Variant 1:

In the preceding embodiments, the computational expression used to select a physical port for output (transmission) purposes from among multiple physical ports included in a logical port is not limited to the computational expression shown in FIGS. 8 and 9, it being possible to employ various computational expressions for the purpose of computing representative values from the seed information. In preferred practice, a hash function will be employed as the computational expression. A hash function is a function for generating pseudo-random numbers (hash values) of fixed length from the seed information. The hash function is not limited to the function (computational expression) shown in FIGS. 8 and 9, it being possible to employ various other functions such as MD5 (Message Digest 5), SHA-1 (Secure Hash Algorithm 1), SHA-2, or the like. Where a hash function is employed, value range bias in the computation results (hash values) is small. Furthermore, similar computation results (hash values) are not readily generated from the similar seed information. Accordingly, where a hash function is employed as the computational expression, it is a simple matter to avoid bias towards a specific physical port in the selection of the physical port. The above is applicable analogously to computational expressions used for selecting an output (transmission) logical interface from among multiple logical interfaces.

Variant 2:

In the preceding embodiments, the seed information for the computation used to select an output physical port from among multiple physical ports included in a logical port is not limited to the information shown in Step S200 of FIG. 9; it is possible to employ various types of information that includes at least one of the destination information and source information associated with the packets. For example, the computation may be performed using source information only, without using destination information. By so doing, multiple physical ports can be assigned for use according to the source. Conversely, the computation may be performed using destination information only, without using source information. By so doing, multiple physical ports can be assigned for use according to the destination. It is also possible to perform computations using header information only, without using control information.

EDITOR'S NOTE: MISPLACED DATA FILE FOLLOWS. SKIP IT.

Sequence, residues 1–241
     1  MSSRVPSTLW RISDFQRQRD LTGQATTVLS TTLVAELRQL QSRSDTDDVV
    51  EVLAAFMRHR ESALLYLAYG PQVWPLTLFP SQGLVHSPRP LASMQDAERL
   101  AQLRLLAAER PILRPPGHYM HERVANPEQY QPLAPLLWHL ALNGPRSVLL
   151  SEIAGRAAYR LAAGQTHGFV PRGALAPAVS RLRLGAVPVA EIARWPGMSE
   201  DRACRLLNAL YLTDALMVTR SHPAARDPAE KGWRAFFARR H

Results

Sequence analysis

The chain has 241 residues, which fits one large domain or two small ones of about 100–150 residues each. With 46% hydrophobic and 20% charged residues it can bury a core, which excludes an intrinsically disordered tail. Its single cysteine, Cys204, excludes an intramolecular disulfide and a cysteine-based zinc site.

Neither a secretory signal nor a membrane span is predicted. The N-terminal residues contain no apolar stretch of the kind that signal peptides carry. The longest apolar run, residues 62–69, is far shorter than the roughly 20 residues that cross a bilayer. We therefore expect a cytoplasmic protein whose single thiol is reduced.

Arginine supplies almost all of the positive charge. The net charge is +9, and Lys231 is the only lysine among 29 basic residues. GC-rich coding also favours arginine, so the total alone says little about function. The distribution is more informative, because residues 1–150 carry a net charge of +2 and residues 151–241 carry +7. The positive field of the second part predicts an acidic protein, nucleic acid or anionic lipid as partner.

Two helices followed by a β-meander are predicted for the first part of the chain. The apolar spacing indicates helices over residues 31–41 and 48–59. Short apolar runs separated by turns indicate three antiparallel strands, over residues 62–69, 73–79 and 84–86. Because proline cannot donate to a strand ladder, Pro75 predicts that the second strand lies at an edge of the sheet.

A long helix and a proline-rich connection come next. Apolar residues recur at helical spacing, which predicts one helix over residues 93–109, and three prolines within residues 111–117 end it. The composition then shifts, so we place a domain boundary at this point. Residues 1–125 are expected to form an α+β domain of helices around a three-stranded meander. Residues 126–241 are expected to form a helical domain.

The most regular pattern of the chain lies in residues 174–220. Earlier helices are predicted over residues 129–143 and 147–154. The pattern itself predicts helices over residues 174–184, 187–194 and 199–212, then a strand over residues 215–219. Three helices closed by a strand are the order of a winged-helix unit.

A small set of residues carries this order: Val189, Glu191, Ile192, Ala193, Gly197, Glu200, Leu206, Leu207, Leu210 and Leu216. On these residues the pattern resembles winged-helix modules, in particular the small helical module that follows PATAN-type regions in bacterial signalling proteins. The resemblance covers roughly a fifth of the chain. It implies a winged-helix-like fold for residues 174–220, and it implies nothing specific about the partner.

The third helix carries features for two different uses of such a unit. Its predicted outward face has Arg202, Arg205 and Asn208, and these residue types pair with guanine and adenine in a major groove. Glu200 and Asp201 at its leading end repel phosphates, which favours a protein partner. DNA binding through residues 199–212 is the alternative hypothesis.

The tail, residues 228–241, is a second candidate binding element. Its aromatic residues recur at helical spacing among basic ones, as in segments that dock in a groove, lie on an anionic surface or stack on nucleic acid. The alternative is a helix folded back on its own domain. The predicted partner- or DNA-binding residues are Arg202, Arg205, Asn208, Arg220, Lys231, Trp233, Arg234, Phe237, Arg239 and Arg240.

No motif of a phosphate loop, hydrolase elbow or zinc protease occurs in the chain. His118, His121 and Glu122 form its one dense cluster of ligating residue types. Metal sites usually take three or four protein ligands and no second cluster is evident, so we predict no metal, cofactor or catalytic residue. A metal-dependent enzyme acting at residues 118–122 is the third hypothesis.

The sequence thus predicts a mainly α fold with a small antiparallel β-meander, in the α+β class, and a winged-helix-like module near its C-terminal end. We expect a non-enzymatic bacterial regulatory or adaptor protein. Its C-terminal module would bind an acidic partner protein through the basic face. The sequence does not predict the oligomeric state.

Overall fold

The reason for using information that includes at lease one of destination information and source information as the seed information is as follows. The purpose is to prevent rearrangement of the transfer sequence of multiple packets transferred between two network devices, due to relaying of the packets by network relay devices.

The packet communication method herein is not limited to methods employing Ethernet™ or methods using Internet Protocol, it being possible to employ any communication method. In any case, various types of information relating to destination (e.g. any information from among the destination MAC address, destination IP address, or destination port (L4 port)) can be used as destination information. Likewise, various types of information relating to source (e.g. any information from among the source MAC address, source IP address, or source port (L4 port)) can be used as source information.

The above discussion is applicable analogously to the seed information in computations used for selecting an output logical interface from among multiple logical interfaces.

Variant 3:

In the preceding embodiments, the method for selecting a physical port on the basis of computation results is not limited to the method illustrated in FIG. 10, and various other methods may be employed. For example, where the total number of candidate ports is denoted by “n” (n is an integer equal to 2 or greater), the remainder obtained by division of the computation result by “n” could be employed as the selection number. In general, associations between computation results and physical ports can be determined by any method. However, in order to avoid bias of selected ports towards specific ports under various conditions of utilization of a network system, it is preferable for ranges of computation result associated with the physical ports to be equal in size. This applies to methods for selecting logical interfaces based on computation results as well.

Variant 4: